Excitement grows in Burma as Aung San Suu Kyi's release nears.
November 12, 2010 8:17 AM   Subscribe

Aung San Suu Kyi is expected to be freed tomorrow.
posted by xowie (29 comments total) 6 users marked this as a favorite

 
*Dons snorkel and flippers*

Which way did you say her compound was?
posted by The 10th Regiment of Foot at 8:26 AM on November 12, 2010 [2 favorites]


Ah, hopeful here, freedom from fear is a powerful thing. Also contagious.
Thank you for sharing this.
posted by infinite intimation at 8:26 AM on November 12, 2010 [1 favorite]


I'll believe it when it happens. Sorry to be such a fatalist, but we are talking Burma/Myanmar here.
posted by Thorzdad at 8:28 AM on November 12, 2010


How long will it be before they find another pretense to arrest her again?
posted by grouse at 8:30 AM on November 12, 2010 [5 favorites]


- Aung San Suu Kyi , Freedom from Fear (quoted in the online version of "Inked over, ripped out; Burmese Storytellers and the Censors", Anna J. Allott)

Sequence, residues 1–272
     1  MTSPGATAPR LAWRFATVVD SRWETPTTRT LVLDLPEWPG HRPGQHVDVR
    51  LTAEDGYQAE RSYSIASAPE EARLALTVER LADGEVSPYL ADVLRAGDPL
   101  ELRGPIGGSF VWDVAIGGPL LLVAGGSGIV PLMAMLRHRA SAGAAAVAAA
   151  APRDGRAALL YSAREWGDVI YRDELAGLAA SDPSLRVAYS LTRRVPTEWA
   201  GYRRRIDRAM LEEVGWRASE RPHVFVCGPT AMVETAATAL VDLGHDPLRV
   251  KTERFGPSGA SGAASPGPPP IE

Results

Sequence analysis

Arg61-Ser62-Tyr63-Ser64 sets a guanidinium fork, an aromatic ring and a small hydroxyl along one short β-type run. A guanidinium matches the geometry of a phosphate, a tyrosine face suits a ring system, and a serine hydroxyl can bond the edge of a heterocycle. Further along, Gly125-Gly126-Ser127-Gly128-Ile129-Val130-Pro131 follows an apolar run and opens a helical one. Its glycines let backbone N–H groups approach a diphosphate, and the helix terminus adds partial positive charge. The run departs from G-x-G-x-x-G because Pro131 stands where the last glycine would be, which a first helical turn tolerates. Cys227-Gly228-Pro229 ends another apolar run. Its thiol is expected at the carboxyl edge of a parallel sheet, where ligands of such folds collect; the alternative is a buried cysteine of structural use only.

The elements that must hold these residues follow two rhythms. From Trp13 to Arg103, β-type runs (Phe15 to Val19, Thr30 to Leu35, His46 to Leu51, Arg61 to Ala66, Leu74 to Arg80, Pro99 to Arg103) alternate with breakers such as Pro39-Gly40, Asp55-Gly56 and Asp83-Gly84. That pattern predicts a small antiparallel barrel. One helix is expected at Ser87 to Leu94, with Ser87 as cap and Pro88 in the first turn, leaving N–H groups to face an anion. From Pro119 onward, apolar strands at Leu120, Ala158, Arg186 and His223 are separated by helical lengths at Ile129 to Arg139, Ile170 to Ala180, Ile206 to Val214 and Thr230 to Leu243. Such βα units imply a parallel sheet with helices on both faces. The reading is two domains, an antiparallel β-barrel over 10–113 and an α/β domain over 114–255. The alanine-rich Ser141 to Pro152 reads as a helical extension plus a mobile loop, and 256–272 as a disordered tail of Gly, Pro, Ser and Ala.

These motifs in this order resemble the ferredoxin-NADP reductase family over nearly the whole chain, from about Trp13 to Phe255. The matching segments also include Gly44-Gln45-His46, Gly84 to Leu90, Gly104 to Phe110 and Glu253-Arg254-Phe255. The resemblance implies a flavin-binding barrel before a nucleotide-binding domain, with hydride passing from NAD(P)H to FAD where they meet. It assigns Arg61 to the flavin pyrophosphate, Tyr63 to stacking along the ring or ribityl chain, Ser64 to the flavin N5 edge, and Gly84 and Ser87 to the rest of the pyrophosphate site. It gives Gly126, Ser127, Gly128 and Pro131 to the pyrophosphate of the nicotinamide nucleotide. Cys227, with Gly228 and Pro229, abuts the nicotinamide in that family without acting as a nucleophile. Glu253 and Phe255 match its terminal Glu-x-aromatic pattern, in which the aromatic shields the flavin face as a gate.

posted by infinite intimation at 8:30 AM on November 12, 2010


About bloody time.

Though I'm with grouse. That's the first thing I thought when I saw the headline.
posted by HostBryan at 8:32 AM on November 12, 2010


An inspiration to so many. Even though releasing her would only give the junta more reasons to put her back under house arrest.
posted by mooselini at 8:32 AM on November 12, 2010


Just in time for the election!
posted by Nelson at 8:35 AM on November 12, 2010


Jesus Fucking Christ, I will believe it when I see it.
posted by everichon at 8:38 AM on November 12, 2010


This is great news. However, if she is released from her house arrest, she will undoubtedly be a very short leash.
posted by computech_apolloniajames at 8:52 AM on November 12, 2010


*Fingers firmly crossed*
posted by numberstation at 8:58 AM on November 12, 2010


What's the over-under on her length of freedom post election?

Less than a month?
posted by leotrotsky at 9:08 AM on November 12, 2010


It's been a long time coming. If as as thos upthread have mentioned,; it actually happens.
Of course Burma,s two main neighbours India and China have done little to encourage this.
However Aung San Suu Kyi is not free yet as she has demanded unconditional release.